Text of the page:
Team Kazakhstan Takes 12th place in Gold Medals at London Olympics

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Special Issue No. 84, Aug 18, 2012

Kazakhstan came to the London Olympics well prepared. Before their departure to London, Kazakh athletes were received by President of Kazakhstan who said, "Our country has always had great results in sports. Last year alone our athletes won 15 medals at the various world sports events. Moreover, Kazakhstan won 32 gold medals at the Asian Winter Games last year. Your achievements are a powerful testimony to sports and a healthy lifestyle." He highlighted how athletes can promote Kazakhstan internationally. He said the Kazakh flag would be raised and its national anthem played every time a Kazakh athlete wins a medal.

The chairman of Kazakhstan’s Sports Agency Talgat Yermegiyaev said on the eve of the London Olympics that Kazakhstan’s national team aimed to win at least 13 medals, including at least three gold medals. The goal was to be among the 30 best national teams in the world.

In the event, Kazakhstan won 7 gold medals, 1 silver medal and 5 bronze medals, placing itself as the 12th best nation in the world when counting gold medal victories.

The next day after the official opening ceremony of the Games, Alexander Vinokourov won the first gold medal for Kazakhstan in the cycling road race. He had previously won two bronze medals at the World Championships, four stage wins in the Tour de France, four wins in the Vuelta a Espana, plus the overall title in 2006 and two Liege Bastogne Liege monuments, one Amstel Gold Race. Vinokourov is a past national champion of Kazakhstan and a dual-medalist at the Summer Olympics.

The second, third and fourth gold medals were won by Kazakh lady weightlifters Zulfiya Chinshanlo, Maiya Maneza and Svetlana Podobedova . Zulfiya Chinshanlo set a world record 131 kg (289 lbs) in the women's 53kg (117 lbs) clean & jerk and claimed the gold medal easily. Maiya Maneza won Kazakhstan's second weightlifting gold medal in London and set an Olympic record in the women's 63-kilogram category. Svetlana Podobedova won her Olympic weightlifting gold in the women's 75-kg division.

In addition, Ilya Ilyin , who is an Asian champion and a three-time world champion, won Kazakhstan’s fifth gold medal in men's 94-kilogram division at the London Olympic Games.

For Ilyin winning the gold medal seemed very easy. According to Associated Press , "Most lifters in the 94-kilogram class paused for a few seconds as they gripped the bar, collecting themselves for the excruciating effort of lifting one-fourth of a ton over one's head. Ilyin marched up to the bar with quick steps and hoisted it in the air so fast that by the time a ‘good lift’ was announced he was already celebrating."

He lifted 185 kilograms in the snatch and a world-record 233 kilograms in the clean and jerk for a total of 418 kilograms. That was also a world record, six kilograms better than the pre-competition mark set in 1999. "After the medal ceremony, Ilyin said he prepared for the Olympics with a special diet, including horse meat, a Kazakh delicacy," the Associated Press wrote.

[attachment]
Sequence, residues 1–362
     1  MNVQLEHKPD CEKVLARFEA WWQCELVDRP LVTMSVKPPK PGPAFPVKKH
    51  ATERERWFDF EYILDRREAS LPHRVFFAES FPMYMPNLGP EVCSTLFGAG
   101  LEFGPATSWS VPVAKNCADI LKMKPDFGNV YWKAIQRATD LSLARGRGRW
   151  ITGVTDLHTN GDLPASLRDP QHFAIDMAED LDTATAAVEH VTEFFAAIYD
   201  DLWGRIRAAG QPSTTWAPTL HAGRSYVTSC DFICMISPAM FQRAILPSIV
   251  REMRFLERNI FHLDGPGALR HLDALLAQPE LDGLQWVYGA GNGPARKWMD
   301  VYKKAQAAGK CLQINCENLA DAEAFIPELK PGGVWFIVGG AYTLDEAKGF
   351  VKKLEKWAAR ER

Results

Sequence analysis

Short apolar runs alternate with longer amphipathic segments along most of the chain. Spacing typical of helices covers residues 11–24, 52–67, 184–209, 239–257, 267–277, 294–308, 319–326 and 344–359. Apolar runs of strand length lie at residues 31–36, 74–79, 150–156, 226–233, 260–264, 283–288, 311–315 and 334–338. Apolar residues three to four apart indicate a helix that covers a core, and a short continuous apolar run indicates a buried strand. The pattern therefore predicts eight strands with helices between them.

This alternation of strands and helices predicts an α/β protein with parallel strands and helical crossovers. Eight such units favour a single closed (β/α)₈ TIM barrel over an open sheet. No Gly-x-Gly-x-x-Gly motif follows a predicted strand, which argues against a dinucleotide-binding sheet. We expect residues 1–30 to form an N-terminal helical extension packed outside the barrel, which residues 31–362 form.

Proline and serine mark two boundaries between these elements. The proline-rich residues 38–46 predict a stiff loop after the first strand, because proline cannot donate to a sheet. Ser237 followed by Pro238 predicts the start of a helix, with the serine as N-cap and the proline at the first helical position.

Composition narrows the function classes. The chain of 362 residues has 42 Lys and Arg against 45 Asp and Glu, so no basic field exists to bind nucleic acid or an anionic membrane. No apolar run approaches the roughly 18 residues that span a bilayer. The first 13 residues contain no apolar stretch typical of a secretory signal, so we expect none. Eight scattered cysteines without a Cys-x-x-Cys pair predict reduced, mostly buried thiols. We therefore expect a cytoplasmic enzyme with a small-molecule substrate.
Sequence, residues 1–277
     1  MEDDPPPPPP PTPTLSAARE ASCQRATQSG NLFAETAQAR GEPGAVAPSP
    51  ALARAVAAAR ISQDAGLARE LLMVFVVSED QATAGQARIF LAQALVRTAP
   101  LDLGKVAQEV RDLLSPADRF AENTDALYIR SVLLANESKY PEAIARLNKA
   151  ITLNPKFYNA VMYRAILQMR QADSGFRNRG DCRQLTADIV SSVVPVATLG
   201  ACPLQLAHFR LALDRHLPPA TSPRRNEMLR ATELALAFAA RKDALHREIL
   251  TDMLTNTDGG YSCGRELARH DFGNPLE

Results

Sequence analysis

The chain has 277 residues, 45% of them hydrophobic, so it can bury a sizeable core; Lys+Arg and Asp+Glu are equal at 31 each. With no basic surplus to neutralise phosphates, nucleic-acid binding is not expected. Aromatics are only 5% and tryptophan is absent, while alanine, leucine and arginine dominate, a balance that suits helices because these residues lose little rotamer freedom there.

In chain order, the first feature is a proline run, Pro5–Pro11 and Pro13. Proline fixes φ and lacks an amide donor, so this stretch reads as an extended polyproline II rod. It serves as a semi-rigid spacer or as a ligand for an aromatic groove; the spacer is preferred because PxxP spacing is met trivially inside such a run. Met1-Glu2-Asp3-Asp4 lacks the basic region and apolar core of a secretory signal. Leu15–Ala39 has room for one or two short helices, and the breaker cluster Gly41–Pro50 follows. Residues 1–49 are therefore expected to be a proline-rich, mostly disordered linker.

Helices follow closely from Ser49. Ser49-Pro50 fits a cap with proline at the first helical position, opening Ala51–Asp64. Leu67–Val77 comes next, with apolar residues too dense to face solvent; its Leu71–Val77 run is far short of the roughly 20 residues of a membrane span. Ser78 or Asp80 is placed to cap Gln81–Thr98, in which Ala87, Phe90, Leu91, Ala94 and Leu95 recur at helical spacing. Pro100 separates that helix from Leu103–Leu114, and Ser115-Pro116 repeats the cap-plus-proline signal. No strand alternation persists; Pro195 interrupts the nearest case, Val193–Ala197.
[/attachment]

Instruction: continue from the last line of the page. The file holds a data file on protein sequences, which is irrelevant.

Olga Rypakova won the 6th Olympic gold medal for the country with a leap of 14.98m in women's triple jump final. She beat her closest competitor by 18 cms. Kazakhstan had never before won a gold medal in track and field.

The final, seventh gold medal was brought home in boxing by Serik Sapiyev. He was also named the tournament’s best pound-for-pound boxer. According to Yahoo Sports Sapiyev said, "I have been waiting for this moment so long. In Beijing I lost in the quarter-finals and I was upset but I was dreaming about the next Olympics."

Kazakhstan's only silver medal was won by boxer Adilbek Niyazymbetov, who lost to a Russian in a very close match.

Kazakhstan's bronze medals were won by boxers and wrestlers: Ivan Dychko (Boxing, Men's super heavyweight), Marina Volnova (Boxing, Women's middleweight), Daniyal Gadzhiyev (Wrestling, Men's 84kg, Greco-Roman), Guzel Manyurova (Wrestling, Women's 72kg freestyle) and Akzhurek Tanatarov (WrestlingMen's freestyle 66 kg).

Kazakhstan has been traditionally strong in boxing, weightlifting, Greco-Roman and free-style wrestling and judo. Despite a population of only 16 million, Kazakhstan has done well compared to countries with larger populations. At the Beijing Olympic Games, Kazakhstan ranked 24th in medals out of 204 participating nations – a great achievement for such a young and small nation.

The London Olympics' showed that Kazakhstan is an emerging power in sports, as it ranked 12th place out of 204 participating nations: 4 gold in weightlifting, 1 gold, 1 silver and 2 bronze medals in boxing, 3 bronze medals in wrestling, 1 medal in cycling and 1 medal in track and field.

Also, by the number of new records set during the Olympiad, Kazakhstan took the 4th place after the US, China and Russia.

Kazakhstan showed the world that it is one of the best countries in sports. The gold, silver, and bronze medals were a testament to the character of the nation. Upon their arrival from London, the winners have been cheered by sports fans and citizens as national heroes .
It is expected that the medalists will be honored at a celebratory ceremony in the presence of the President of Kazakhstan. Overall, the victory has led to the outburst of patriotic feelings, as the entire the nation is proud of its great Olympic achievements.